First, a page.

Some people claim that it takes about six years for the latest web darling to start showing its warts. Facebook began in 2005, which means that estimate is right on time.
Just this week, SanJose.com reported on a major Facebook security flaw , which led to private information being leaked to advertisers over the course of several years. While Facebook owned up to the problem and said that it is being fixed, it is now being reported that the company hired a PR firm to launch a whisper campaign claiming that the search engine giant leaked information too. Rather than simply facing up to its own problems, Facebook has decided to deflect attention from it by saying that Google has the same problems.
According to the Daily Beast, Facebook hired Burson-Marsteller to say that Google’s new Social Circle was “designed to scrape private data and build deeply personal dossiers on millions of users,” adding that this was “a direct and flagrant“ violation of earlier agreements that Google had reached with the FTC.
Chris Soghoian, one of the bloggers that Burson-Marsteller tried to hire, was not convinced that the claims were correct, and challenged the PR firm to tell him what company was paying for the smear campaign. When they refused, Soghoian published their correspondence on line.
Soghoian corresponded with Burson-Marsteller through John Mercurio. USA Today later reported that he and Jim Goldman, a former tech reporter for CNBC, were pitching questionable stories about Google’s breach of FTC privacy regulations, and that Mercurio, a former political correspondent, even offered to write an op-ed piece about it.
The campaign gradually gathered steam, and some even speculated that it was behind growing anti-Google sentiment in the capital recently. On Thursday, Facebook finally admitted that it was behind the campaign.
So what was behind Facebook? Well, for one, it is the new kid on the block, at least relatively speaking. And yet, it is a powerful new player. While Google may dominate Internet search, Facebook dominates social networking and is growing by leaps and bounds.
This has started to intimidate Google, which has tried—and so far failed—to grab its own piece of the social networking world. Just last month, Google founder and new CEO Larry Page sent out a memo to all employees saying that social networking was one of the company’s top priorities. He even put a price tag on it. According to that memo, 25 percent of this year’s bonuses would be dependent on how well Google does in penetrating the social networking market.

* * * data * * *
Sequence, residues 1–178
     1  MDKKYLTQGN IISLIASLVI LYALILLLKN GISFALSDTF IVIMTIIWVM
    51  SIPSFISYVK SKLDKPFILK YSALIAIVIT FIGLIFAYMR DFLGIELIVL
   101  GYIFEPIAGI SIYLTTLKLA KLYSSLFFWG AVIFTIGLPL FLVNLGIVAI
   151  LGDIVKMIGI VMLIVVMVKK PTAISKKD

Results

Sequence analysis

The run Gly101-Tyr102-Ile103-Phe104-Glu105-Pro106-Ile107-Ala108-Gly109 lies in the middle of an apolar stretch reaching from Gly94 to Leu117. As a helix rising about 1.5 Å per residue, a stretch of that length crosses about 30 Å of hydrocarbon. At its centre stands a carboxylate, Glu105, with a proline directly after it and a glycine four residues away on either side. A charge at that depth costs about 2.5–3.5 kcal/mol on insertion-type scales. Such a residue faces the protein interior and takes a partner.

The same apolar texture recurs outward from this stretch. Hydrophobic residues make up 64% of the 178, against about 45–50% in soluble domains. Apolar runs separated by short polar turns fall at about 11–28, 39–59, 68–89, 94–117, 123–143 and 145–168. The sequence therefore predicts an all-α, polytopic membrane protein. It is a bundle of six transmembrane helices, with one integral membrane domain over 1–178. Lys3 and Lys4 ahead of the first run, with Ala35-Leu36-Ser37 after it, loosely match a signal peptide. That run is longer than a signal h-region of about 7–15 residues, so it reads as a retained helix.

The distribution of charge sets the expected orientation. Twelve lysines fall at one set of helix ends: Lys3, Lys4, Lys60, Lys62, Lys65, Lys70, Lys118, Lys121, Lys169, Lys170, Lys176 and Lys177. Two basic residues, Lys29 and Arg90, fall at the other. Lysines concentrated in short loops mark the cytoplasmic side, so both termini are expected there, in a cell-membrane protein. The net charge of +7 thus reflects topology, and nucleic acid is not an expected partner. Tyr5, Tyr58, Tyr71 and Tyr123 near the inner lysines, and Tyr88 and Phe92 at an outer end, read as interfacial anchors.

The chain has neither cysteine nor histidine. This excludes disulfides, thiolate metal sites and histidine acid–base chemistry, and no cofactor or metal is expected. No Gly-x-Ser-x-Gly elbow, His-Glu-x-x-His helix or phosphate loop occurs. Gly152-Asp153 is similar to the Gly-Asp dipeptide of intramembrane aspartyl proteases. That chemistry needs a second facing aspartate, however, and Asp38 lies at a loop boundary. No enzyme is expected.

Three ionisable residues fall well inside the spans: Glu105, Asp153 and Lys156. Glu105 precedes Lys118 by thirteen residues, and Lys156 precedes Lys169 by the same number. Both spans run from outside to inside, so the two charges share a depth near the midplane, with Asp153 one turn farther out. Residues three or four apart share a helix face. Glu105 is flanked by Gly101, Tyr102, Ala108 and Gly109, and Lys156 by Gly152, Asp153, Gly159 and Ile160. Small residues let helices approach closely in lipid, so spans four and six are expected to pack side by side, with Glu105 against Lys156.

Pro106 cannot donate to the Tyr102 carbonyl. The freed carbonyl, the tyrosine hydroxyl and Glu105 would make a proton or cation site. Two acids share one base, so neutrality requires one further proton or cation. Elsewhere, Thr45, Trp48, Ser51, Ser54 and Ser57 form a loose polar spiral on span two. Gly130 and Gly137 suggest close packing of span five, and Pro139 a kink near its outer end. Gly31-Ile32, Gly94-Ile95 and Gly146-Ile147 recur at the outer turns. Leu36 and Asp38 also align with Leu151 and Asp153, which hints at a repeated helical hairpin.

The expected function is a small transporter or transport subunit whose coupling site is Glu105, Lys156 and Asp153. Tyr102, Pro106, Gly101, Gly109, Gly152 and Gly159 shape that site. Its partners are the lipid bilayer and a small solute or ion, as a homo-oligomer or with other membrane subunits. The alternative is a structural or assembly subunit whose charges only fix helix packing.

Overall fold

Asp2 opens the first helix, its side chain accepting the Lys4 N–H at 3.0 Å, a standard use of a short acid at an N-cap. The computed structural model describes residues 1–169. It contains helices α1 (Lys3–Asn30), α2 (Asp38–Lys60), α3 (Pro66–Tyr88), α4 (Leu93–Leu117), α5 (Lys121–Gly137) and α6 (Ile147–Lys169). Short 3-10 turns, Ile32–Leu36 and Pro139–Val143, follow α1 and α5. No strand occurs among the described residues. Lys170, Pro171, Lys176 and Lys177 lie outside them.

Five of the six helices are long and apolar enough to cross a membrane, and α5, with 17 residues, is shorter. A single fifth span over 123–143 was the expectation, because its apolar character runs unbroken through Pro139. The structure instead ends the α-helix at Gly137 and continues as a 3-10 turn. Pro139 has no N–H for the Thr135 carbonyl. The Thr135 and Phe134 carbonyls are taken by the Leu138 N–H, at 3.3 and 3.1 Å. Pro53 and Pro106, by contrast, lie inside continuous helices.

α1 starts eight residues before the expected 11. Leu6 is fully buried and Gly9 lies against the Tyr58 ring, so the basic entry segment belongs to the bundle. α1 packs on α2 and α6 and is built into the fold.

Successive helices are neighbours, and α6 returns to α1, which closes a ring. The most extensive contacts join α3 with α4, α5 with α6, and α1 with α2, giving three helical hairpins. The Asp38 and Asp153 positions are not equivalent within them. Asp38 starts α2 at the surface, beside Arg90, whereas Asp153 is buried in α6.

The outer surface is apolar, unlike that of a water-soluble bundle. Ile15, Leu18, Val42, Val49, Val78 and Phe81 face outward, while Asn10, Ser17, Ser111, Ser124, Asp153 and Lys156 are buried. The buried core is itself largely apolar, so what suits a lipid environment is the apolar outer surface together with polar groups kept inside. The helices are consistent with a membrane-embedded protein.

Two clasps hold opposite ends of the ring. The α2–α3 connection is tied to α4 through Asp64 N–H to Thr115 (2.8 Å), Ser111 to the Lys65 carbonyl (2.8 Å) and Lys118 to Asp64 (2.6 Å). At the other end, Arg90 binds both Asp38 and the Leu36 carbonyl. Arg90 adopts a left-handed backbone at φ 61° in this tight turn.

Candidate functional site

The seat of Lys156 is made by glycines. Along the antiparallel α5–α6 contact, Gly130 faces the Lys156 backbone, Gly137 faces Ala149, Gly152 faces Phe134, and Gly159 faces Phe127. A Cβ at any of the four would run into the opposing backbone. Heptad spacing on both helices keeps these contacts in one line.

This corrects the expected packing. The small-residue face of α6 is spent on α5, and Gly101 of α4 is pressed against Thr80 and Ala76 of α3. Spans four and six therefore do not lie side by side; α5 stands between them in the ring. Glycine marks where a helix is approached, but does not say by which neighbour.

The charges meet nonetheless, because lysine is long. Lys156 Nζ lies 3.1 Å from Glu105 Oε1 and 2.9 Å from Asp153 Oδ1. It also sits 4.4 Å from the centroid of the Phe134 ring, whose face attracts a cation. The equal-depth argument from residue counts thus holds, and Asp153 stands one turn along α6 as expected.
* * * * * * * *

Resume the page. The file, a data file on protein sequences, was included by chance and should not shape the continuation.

Facebook further claims that in order to carve out a niche for itself, Google is “improperly using data they have scraped about Facebook users.”
A feud has long been brewing between the two firms, described by social media consultant Lou Kerner as “frenemies.” What sets the latest incident apart, however, is that Burston-Marsteller is considered to be one of the top PR firms in the country, with many blue-chip clients. While the recent campaign against Google was worthy of Nixon, one of the company’s most high profile clients was Hillary Clinton’s 2008 presidential campaign.
But not all of its clients and campaigns have been on the up and up. In response to this latest campaign, Forbes Magazine listed a number of the company’s “unsavory” clients, including Romanian dictator Nicolae Ceausescu, the military junta in Argentina, and the Saudi government after 9/11. This is hardly the company Mark Zuckerberg wants to keep.
On the other hand, the revelation that Facebook was behind the smear campaign does not help the company at all. As TechCrunch points out, what it reveals is that Facebook is a lot less confident about its standing than it otherwise lets out. As Michael Arrington puts it, “It lets the tech world know that Facebook is scared enough of what Google’s up to to pull a stunt like this.” That’s hardly what potential investors want to hear. Are they really that desperate?
But a second point raised by Arrington may even be more disconcerting. In its effort to stand firm against Google, Facebook has resorted to using “dirty tricks.” That raises an important question: Where else are they using dirty tricks? Can they even be trusted anymore?
Wednesday’s revelation of a security flaw may be forgiven. Technologies change, and chances are that it was caught before the advertisers realized it. At least it was inadvertent. Forgiving Facebook for trying to smear Google is a lot harder to forgive.